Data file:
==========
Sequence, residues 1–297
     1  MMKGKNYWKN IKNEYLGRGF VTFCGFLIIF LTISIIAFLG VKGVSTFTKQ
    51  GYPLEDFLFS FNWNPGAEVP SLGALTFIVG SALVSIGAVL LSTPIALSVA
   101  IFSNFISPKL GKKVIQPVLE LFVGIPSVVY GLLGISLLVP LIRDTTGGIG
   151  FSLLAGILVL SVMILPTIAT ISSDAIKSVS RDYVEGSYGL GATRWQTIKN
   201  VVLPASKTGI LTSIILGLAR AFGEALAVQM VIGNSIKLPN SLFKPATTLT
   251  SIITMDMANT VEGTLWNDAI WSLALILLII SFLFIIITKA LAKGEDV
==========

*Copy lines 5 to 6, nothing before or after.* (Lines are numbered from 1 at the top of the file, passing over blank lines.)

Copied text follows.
   151  FSLLAGILVL SVMILPTIAT ISSDAIKSVS RDYVEGSYGL GATRWQTIKN
   201  VVLPASKTGI LTSIILGLAR AFGEALAVQM VIGNSIKLPN SLFKPATTLT